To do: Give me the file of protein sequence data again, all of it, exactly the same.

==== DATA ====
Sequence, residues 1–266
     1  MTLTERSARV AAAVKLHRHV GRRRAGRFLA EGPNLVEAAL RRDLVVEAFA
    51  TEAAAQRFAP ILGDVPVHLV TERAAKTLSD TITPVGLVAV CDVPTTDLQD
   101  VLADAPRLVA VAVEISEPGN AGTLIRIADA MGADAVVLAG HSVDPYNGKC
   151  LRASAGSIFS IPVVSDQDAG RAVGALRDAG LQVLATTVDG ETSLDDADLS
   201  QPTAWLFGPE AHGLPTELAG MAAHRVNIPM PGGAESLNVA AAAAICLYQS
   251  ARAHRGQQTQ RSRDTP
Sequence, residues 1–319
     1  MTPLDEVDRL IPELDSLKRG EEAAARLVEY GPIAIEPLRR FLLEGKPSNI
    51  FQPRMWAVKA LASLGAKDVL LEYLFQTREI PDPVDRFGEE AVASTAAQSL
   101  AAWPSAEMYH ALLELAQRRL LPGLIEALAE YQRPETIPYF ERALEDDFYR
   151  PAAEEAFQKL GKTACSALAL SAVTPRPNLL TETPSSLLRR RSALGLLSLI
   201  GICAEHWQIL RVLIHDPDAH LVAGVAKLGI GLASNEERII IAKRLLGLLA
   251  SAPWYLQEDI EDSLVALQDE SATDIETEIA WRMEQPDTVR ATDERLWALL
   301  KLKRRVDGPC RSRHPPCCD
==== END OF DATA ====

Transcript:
Sequence, residues 1–266
     1  MTLTERSARV AAAVKLHRHV GRRRAGRFLA EGPNLVEAAL RRDLVVEAFA
    51  TEAAAQRFAP ILGDVPVHLV TERAAKTLSD TITPVGLVAV CDVPTTDLQD
   101  VLADAPRLVA VAVEISEPGN AGTLIRIADA MGADAVVLAG HSVDPYNGKC
   151  LRASAGSIFS IPVVSDQDAG RAVGALRDAG LQVLATTVDG ETSLDDADLS
   201  QPTAWLFGPE AHGLPTELAG MAAHRVNIPM PGGAESLNVA AAAAICLYQS
   251  ARAHRGQQTQ RSRDTP
Sequence, residues 1–319
     1  MTPLDEVDRL IPELDSLKRG EEAAARLVEY GPIAIEPLRR FLLEGKPSNI
    51  FQPRMWAVKA LASLGAKDVL LEYLFQTREI PDPVDRFGEE AVASTAAQSL
   101  AAWPSAEMYH ALLELAQRRL LPGLIEALAE YQRPETIPYF ERALEDDFYR
   151  PAAEEAFQKL GKTACSALAL SAVTPRPNLL TETPSSLLRR RSALGLLSLI
   201  GICAEHWQIL RVLIHDPDAH LVAGVAKLGI GLASNEERII IAKRLLGLLA
   251  SAPWYLQEDI EDSLVALQDE SATDIETEIA WRMEQPDTVR ATDERLWALL
   301  KLKRRVDGPC RSRHPPCCD